to exchange what they had for what they had not, and to dispose of their accumulated stores. In this way all the people got grain to eat, and all the States began to come under good rule.”
A small portion of the Book of History is in verse:—
“The people should be cherished,
And should not be downtrodden.
The people are the root of a country,
And if the root is firm, the country will be tranquil.
. . . . . . .
The palace a wild for lust,
The country a wild for hunting,
Rich wine, seductive music,
Lofty roofs, carved walls,—
Given any one of these,
And the result can only be ruin.”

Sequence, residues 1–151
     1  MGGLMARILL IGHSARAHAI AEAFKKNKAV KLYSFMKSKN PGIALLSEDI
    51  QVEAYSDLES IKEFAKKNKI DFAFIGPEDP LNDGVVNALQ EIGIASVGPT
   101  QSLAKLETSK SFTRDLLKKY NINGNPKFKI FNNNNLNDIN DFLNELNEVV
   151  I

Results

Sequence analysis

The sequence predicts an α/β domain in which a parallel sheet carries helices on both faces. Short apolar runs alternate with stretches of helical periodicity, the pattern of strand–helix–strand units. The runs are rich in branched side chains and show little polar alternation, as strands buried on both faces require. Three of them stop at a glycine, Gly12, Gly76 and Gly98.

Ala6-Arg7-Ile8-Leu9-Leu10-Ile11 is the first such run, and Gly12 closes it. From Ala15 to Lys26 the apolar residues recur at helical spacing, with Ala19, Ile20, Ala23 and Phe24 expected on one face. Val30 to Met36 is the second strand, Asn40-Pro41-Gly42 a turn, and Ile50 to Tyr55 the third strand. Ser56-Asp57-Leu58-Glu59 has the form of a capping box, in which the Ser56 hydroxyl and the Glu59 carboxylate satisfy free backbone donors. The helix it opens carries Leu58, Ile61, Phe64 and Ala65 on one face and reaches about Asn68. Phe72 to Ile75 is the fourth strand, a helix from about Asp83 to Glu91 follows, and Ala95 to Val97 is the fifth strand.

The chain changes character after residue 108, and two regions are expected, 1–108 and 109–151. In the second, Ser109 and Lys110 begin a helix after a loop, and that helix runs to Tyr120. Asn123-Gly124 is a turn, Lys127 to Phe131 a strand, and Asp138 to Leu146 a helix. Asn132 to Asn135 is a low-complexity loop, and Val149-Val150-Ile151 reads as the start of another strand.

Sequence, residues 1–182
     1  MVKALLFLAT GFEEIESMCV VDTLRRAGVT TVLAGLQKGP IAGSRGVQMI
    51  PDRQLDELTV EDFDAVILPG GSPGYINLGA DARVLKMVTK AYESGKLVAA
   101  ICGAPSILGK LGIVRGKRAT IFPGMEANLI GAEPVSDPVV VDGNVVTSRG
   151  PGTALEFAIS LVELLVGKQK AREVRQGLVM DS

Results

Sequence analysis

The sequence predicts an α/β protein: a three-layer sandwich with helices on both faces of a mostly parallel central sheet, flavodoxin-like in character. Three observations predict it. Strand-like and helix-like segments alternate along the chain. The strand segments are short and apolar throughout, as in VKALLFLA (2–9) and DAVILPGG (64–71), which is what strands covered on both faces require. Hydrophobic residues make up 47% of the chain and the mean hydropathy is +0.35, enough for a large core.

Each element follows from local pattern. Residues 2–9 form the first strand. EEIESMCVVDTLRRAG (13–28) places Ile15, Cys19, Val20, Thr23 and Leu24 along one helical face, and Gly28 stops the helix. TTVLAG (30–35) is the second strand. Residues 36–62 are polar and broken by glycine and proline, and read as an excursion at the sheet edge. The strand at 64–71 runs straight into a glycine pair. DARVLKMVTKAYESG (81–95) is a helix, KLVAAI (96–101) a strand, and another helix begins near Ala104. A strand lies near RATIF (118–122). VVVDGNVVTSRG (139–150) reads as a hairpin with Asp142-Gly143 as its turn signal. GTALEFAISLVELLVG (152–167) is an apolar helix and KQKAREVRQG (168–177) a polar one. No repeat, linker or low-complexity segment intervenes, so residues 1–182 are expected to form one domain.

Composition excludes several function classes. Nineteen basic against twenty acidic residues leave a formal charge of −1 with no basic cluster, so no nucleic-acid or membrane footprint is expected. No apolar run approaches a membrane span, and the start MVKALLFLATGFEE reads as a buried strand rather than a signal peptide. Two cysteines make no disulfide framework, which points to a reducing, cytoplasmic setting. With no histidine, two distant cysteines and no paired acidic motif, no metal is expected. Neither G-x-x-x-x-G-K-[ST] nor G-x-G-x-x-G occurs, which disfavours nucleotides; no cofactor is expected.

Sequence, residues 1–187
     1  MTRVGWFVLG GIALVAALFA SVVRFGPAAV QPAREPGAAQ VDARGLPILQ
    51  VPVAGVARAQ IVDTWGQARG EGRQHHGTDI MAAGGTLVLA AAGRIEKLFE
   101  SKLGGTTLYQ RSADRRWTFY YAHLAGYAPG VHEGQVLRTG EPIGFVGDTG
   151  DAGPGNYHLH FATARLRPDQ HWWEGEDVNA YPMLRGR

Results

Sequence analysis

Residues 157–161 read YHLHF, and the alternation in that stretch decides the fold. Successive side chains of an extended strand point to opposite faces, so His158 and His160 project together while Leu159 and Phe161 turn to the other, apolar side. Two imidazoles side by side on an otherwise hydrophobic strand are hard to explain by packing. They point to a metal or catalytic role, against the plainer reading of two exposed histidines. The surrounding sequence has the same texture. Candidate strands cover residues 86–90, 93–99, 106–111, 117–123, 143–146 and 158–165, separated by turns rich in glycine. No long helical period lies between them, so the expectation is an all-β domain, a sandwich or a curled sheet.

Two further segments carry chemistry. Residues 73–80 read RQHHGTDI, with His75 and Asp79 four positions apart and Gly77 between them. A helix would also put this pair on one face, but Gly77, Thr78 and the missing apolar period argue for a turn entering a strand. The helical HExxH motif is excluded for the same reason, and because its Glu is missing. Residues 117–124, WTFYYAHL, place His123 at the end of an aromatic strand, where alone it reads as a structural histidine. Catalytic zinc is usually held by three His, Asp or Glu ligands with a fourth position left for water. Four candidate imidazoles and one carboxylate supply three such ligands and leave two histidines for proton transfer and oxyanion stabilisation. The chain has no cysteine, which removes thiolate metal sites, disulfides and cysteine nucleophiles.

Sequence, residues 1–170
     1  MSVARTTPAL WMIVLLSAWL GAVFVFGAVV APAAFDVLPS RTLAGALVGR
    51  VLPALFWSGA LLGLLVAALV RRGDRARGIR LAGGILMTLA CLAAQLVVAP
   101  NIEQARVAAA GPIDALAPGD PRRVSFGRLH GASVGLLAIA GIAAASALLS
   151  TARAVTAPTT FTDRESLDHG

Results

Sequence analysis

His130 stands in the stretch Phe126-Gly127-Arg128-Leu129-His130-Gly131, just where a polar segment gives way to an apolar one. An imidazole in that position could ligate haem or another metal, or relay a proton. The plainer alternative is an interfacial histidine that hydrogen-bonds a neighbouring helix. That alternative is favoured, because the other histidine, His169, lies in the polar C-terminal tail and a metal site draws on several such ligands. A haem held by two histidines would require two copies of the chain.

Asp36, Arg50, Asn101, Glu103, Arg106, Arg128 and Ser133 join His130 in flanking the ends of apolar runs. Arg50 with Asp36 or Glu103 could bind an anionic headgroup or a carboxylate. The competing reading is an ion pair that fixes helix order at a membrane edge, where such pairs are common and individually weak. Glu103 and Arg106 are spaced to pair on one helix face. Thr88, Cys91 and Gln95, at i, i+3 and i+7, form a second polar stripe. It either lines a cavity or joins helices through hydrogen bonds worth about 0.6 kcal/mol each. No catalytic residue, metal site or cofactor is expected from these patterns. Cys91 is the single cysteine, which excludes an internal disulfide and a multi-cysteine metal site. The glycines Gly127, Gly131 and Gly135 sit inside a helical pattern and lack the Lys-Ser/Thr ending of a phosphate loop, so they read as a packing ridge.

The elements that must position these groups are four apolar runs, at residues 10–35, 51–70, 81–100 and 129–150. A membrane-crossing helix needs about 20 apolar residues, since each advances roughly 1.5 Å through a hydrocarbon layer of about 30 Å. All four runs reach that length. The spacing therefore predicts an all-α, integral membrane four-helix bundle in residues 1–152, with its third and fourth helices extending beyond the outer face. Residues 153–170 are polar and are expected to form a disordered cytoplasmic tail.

From the date of the foundation of the Hsia dynasty the throne of the empire was transmitted from father to son, and there were no more abdications in favour of virtuous sages. The fourth division of the Book of History deals with the decadence of the Hsia rulers and their final displacement in B.C. 1766 by T'ang the Completer, founder of the Shang dynasty. By B.C. 1122, the Shang sovereigns had similarly lapsed from the kingly qualities of their founder to even a lower level of degradation and vice. Then arose one of the purest and most venerated heroes of Chinese history, popularly known by his canonisation as Wên Wang. He was hereditary ruler of a principality in the modern province of Shensi, and in B.C. 1144 he was denounced as dangerous to the throne. He was seized and thrown into prison, where he passed two years, occupying himself with the Book of Changes, to which we shall presently return. At length the Emperor, yielding to the entreaties of the people, backed up by the present of a beautiful concubine and some